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Found 4 results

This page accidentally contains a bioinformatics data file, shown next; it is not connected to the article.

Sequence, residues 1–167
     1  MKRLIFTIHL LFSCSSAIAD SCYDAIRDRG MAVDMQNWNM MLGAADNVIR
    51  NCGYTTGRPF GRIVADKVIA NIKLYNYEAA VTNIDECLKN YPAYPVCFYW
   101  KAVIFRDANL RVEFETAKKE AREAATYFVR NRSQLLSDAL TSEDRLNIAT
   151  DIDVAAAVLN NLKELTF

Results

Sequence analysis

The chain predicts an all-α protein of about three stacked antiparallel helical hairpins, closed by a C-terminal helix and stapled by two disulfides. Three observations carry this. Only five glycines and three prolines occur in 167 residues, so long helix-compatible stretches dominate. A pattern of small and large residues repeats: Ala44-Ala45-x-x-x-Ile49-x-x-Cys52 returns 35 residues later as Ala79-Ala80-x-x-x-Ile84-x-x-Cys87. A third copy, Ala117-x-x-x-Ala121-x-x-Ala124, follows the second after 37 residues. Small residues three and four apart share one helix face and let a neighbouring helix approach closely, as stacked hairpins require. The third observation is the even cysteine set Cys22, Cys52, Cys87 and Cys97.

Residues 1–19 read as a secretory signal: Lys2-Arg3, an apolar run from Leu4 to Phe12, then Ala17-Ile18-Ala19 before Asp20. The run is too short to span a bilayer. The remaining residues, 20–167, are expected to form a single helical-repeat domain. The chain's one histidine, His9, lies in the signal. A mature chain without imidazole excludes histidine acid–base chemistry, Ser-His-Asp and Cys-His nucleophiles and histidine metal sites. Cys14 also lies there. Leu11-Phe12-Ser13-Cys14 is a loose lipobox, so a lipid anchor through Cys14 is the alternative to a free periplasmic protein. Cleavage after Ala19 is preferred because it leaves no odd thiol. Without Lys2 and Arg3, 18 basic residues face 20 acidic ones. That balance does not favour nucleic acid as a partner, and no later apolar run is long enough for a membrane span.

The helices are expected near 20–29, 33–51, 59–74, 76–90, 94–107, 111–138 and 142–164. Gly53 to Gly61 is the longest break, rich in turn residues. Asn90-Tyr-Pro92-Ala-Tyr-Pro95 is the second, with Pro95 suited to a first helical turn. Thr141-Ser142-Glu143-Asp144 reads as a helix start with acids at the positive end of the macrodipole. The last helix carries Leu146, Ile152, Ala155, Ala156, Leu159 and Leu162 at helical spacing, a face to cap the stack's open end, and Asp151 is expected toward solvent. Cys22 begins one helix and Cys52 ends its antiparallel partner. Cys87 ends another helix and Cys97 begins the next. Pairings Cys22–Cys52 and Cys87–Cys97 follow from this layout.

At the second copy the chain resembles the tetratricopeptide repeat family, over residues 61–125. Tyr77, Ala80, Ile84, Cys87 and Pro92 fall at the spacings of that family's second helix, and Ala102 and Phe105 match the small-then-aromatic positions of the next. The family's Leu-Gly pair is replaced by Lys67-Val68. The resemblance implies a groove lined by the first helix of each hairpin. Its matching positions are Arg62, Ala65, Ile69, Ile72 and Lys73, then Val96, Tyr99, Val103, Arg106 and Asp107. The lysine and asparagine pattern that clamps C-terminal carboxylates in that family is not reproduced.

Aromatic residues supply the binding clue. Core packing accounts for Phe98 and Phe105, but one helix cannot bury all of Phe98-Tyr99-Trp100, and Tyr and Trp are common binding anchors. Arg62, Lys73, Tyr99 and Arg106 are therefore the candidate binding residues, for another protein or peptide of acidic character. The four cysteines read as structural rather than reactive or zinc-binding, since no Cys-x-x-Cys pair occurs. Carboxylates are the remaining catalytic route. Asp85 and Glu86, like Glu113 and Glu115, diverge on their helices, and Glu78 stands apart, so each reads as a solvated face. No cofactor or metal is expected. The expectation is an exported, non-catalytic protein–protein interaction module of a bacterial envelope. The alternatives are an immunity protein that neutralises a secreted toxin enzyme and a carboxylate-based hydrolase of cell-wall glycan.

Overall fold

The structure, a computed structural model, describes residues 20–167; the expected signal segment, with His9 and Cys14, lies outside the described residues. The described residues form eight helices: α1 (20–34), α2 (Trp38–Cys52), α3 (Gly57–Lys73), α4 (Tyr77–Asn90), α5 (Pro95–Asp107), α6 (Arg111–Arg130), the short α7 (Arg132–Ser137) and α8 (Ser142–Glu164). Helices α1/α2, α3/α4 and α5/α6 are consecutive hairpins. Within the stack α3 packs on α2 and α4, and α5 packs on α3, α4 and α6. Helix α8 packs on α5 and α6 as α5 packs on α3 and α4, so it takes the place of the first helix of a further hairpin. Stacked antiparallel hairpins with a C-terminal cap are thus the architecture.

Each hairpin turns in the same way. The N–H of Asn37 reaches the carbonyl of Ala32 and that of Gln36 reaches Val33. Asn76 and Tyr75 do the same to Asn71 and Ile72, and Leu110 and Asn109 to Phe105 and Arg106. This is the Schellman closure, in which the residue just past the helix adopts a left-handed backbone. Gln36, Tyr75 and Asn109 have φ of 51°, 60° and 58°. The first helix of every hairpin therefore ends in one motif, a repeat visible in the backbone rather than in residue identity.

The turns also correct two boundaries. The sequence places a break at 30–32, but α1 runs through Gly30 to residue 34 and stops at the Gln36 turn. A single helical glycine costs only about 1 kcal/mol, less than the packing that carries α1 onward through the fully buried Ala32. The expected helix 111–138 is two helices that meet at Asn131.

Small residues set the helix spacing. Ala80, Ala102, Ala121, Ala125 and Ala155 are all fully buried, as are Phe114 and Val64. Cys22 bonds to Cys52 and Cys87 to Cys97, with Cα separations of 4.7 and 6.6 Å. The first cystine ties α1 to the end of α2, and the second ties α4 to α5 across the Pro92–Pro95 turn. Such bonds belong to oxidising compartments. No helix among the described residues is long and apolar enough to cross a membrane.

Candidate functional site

1. Celiac.com 01/25/2017 - The UK's Food Standards Agency (FSA) has initiated a public comment period on gluten-free labeling in England. The FSA is inviting industry feedback on the proposed Gluten In Food (Information for Consumers) (England) Regulations 2017. This regulation enforces the new European Union regulation (Commission Implementing Regulation (EU) No. 828/2014), which standardizes labeling information on products that are gluten-free or very low in gluten. The law does not require any change in formulation, ingredients or the methods for these products, but does mandate new wording for product labels. It also clarifies for consumers the difference between foods naturally free of gluten, and those specially formulated for people with gluten intolerance. The proposed rule applies to England only, not Wales, Scotland or Northern Ireland. The rule change is, in part at least, a response to rising numbers of product complaints. According to the FSA, approximately 1% of the UK population (around 600,000 people) suffers from celiac disease, while nearly half a million people remain undiagnosed. Currently, food businesses are permitted to make voluntary gluten-free or low in gluten claims, but this has led to inconsistency and confusion in many cases. Such confusion could cause health problems for those who are gluten-intolerant. Many of these products also fetch a premium price because of their gluten-free claims, stated the FSA. The aim of the English regulation is to standardize the permitted claims about gluten. Manufacturers will be limited to the use of the words "gluten-free" or "very low gluten" along with clear and limited supporting information. No other claims or descriptions are allowed, and products that fail to conform to labeling standards can be fined. The previously accepted phrase "No gluten containing ingredients (NGCI)" can no longer be used on product labels. Enforcement of FSA rules will take effect February 20, 2018.